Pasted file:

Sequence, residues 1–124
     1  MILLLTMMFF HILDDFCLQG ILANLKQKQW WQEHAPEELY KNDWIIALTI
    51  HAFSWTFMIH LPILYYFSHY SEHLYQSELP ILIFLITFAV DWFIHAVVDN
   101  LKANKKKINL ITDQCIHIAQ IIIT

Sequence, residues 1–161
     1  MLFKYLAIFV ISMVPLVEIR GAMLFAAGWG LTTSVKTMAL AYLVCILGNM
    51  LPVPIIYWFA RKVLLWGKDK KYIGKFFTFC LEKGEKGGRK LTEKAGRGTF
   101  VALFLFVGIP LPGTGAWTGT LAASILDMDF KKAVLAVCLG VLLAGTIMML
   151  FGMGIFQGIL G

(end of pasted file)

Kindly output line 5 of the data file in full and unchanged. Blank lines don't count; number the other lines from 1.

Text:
Sequence, residues 1–161